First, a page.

Teaching with a toddler in tow

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I am the Mommy police.  I keep small children from murdering each other in my house.  I negotiate compromises, mediate squabbles, and occasionally incarcerate offending perpetrators (time out, sheesh, what did you think I meant?)

When it’s time to learn, things get a lot harder.  The Princess is happy to color accompanying project pictures or dabble in play dough.  The Destroyer, on the other hand, lives up to his name.  Things crash to the floor, he escapes with a crayon (or worse, a marker!) in his hand, or sheets get crumpled in fat little baby fists.

I’ve tried giving him something to do at the table with us – nope, he wants to root around in everyone else’s stuff.  I’ve put him in his high chair and pulled out tons of fun toys – nope, everything hits the ground.  It’s attention he wants, not toys.

All my kids are needy, but this  is the one with the severe separation anxiety.  I can’t even go to the bathroom without him panicking that I’m not in sight.  And by panic, I mean him chasing me to the bathroom screaming at the top of his lungs.  If I reach it before he does – he’s fast! – he stands there and pounds on the door screaming “Momma, Momma!” or tries to reach under the door to get me out.

In case you didn’t pick up on it, we don’t go out often and leave a babysitter in charge.

So I carry him around a lot.  I hold him as we sit at the table and cut and glue things.  I cuddle him while we watch a video.  And if I have to, I put him in the spacious play area and ignore his 5 minutes of screaming until he calms down and happily plays with a toy by himself for a few minutes.

I’ve heard it all: “what do you do to these kids to make them need you so much?” from a nursery worker at church.  “He needs to adapt” from a friend.  “He’ll have to tough it out” from family when I worried about needing to go for surgery.  “Oh, you’re a stay-at-home mom, that explains it” from an acquaintance who wondered why he was so anxious.

We’ve learned that our kids eventually grow out of this stage – the older two did the same thing at his age.  Perhaps not so severe.  So we’re just toughing it out until he hits, say, about 3.  By then things should calm down.

Tonight crystallized things for me.  During his bedtime, we put on PJs and socks and a sleepsack to get ready for bed.  He worried at one sock despite my repeated attempts to fix it – he kept fussing about it.  I couldn’t get the seam to lie comfortably for him.

Red flags went up – we’ve been here before.  I have noticed a few other things, but this one made it more real.  I’m pretty sure the Destroyer has Sensory Processing Disorder too.

I hope I’m wrong.  I want my wonderful happy little boy who charges through life without fear to stay that way.  I don’t want him to scream at loud noises and run in panic from bathroom hand driers.  I don’t want him to pitch horrible tantrums because he can’t handle the sensory input and is just trying to cope with an overwhelming world.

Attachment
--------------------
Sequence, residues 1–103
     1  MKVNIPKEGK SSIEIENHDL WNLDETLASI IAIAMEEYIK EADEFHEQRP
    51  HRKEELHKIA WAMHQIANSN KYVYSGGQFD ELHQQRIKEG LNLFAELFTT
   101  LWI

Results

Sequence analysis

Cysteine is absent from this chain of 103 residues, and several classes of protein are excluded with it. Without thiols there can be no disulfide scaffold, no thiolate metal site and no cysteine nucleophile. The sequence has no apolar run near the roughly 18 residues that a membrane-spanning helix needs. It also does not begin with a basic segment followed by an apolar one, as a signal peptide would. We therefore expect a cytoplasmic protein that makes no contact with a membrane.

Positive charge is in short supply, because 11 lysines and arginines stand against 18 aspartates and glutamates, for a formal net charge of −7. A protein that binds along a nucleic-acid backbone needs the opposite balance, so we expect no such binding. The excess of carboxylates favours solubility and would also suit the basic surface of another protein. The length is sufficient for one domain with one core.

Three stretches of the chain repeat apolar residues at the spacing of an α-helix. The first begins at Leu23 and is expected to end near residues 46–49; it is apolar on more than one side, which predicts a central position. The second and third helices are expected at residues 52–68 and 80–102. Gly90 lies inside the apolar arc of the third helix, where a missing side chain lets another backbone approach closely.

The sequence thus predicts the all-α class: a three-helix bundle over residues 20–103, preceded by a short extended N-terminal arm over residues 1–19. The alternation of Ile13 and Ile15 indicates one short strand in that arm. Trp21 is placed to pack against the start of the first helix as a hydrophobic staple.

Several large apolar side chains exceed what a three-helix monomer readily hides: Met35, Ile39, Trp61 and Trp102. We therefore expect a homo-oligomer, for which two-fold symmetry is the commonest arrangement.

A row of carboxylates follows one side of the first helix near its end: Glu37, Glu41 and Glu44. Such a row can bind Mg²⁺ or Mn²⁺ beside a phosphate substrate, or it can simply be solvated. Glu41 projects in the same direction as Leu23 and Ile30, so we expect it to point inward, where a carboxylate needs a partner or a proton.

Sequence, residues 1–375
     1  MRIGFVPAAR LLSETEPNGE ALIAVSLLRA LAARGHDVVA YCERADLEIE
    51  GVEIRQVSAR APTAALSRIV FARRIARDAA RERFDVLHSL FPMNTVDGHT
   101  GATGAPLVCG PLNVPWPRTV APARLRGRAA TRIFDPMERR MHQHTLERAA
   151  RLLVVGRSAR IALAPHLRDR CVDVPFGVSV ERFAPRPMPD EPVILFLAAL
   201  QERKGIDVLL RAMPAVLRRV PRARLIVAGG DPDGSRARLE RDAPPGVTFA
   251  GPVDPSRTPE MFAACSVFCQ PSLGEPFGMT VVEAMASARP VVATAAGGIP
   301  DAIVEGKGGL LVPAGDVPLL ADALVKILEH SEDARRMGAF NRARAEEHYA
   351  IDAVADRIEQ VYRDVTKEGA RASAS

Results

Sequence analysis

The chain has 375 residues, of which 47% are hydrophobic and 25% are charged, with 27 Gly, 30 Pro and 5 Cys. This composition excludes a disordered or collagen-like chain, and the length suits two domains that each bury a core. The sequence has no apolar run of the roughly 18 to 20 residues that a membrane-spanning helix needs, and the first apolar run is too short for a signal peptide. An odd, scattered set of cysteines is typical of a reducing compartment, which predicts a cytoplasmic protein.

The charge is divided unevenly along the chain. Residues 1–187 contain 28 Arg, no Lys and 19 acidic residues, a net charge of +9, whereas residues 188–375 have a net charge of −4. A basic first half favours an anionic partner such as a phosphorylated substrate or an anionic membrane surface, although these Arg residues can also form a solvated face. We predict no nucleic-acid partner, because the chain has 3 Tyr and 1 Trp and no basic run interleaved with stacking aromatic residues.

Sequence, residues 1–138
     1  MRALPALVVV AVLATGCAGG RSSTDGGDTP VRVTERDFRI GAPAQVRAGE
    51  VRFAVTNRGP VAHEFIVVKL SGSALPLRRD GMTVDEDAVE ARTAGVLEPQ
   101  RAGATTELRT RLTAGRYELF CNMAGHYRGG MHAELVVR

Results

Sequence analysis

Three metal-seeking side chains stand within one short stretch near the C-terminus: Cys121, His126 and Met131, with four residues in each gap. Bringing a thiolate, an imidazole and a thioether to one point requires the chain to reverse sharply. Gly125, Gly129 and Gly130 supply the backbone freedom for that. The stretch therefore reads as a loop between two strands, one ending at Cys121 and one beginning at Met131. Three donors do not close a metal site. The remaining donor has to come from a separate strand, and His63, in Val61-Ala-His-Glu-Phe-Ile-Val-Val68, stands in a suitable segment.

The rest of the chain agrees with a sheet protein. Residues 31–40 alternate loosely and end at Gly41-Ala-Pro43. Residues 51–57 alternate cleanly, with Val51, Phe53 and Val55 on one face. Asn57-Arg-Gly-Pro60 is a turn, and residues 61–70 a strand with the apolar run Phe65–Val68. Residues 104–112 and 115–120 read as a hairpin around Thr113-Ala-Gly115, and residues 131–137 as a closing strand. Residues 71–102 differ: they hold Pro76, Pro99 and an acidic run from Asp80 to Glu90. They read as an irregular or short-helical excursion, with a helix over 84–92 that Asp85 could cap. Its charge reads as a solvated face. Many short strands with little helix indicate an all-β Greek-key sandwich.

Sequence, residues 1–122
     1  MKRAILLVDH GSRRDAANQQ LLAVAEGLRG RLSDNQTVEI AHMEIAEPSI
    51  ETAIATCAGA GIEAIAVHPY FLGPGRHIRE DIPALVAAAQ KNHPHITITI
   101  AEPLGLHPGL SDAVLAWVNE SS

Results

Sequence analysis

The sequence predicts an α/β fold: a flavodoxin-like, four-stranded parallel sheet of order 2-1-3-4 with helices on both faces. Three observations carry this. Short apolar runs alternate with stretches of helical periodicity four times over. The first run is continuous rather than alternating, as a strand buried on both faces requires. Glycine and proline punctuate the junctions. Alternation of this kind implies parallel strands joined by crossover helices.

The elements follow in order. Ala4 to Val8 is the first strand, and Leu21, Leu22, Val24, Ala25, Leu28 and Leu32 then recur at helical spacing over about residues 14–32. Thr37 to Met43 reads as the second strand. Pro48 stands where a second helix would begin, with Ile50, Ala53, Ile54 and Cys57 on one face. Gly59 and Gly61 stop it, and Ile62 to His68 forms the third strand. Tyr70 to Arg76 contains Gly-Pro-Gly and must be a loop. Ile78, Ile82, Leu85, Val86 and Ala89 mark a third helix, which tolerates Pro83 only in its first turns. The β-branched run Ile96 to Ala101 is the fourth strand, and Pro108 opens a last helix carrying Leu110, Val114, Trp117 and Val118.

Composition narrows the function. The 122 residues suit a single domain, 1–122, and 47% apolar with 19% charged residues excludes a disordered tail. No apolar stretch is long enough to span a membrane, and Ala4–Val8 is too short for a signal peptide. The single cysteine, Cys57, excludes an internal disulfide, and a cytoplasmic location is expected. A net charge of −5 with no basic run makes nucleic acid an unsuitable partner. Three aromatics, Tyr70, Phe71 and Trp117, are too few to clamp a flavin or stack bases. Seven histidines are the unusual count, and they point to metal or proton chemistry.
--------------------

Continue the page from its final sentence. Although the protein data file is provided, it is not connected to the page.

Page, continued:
Most of all, I’m not sure I can handle having two kids with issues.  If it happens I’ll deal with it.  I’ll figure it out just like I am now with his big brother.  But I really hope that maybe it is all my fault.  Because that’s fixable.

 

 

 

 

 

4 comments

  1. It’s hard when one of your little ones needs more attention than the others. I read a book about highly sensitive children that shed some light on how I felt my oldest daughter behaved (fussing about clothes, fear of loud noises, hesitant in groups, picky eater, the list goes on) and she also hated me leaving the room when she was very little. My youngest was not like that but she is fussy about little things that can get blown out of all proportion too, not to mention she has a temper on her! Even at 3 I find it difficult sometimes to do a project with the oldest without her wanting to grab everything. But it has gotten easier and I know it will continue to do so.
    I’m offended for you that someone would suggest you have a clingy child because you stay at home with your kids. Nonsense! It’s a personality trait like all others and it will eventually get better like you said. Hang in there.

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    • Thanks for your outrage 🙂 It’s not the first time I’ve heard that comment, and sometimes it comes from family. It’s so helpful to hear from other people who are either going through the same thing or have already and can promise that it gets better. Thanks for stopping by!

      Like

  2. You are right mom, you can and will figure it out. A lot of prayer, a lot of late night tears. There were are few years where my hair was really thinning because of stress. Please keep up the care of “you” as well. I really let that slide for about 10 years and am just beginning to pick up the pieces. It is so hard when there are so many other constant demands for your attention. I hope I am not coming across as presumptuous, I just know how hard it is with several little ones who need you constantly. Blessings to you!!!!

    Like

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